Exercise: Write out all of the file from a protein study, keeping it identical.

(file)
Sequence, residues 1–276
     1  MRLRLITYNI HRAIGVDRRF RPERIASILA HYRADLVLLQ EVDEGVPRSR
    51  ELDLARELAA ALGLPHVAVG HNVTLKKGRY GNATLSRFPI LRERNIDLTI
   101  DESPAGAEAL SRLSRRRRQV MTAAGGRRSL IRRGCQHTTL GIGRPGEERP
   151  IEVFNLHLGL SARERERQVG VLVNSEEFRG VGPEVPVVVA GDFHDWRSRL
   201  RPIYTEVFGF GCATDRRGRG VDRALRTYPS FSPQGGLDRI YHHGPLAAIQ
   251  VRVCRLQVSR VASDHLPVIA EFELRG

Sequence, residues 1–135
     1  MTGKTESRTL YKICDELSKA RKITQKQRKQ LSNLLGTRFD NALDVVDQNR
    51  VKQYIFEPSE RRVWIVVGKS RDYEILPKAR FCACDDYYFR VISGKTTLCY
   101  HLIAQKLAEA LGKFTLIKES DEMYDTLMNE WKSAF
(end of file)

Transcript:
Sequence, residues 1–276
     1  MRLRLITYNI HRAIGVDRRF RPERIASILA HYRADLVLLQ EVDEGVPRSR
    51  ELDLARELAA ALGLPHVAVG HNVTLKKGRY GNATLSRFPI LRERNIDLTI
   101  DESPAGAEAL SRLSRRRRQV MTAAGGRRSL IRRGCQHTTL GIGRPGEERP
   151  IEVFNLHLGL SARERERQVG VLVNSEEFRG VGPEVPVVVA GDFHDWRSRL
   201  RPIYTEVFGF GCATDRRGRG VDRALRTYPS FSPQGGLDRI YHHGPLAAIQ
   251  VRVCRLQVSR VASDHLPVIA EFELRG

Sequence, residues 1–135
     1  MTGKTESRTL YKICDELSKA RKITQKQRKQ LSNLLGTRFD NALDVVDQNR
    51  VKQYIFEPSE RRVWIVVGKS RDYEILPKAR FCACDDYYFR VISGKTTLCY
   101  HLIAQKLAEA LGKFTLIKES DEMYDTLMNE WKSAF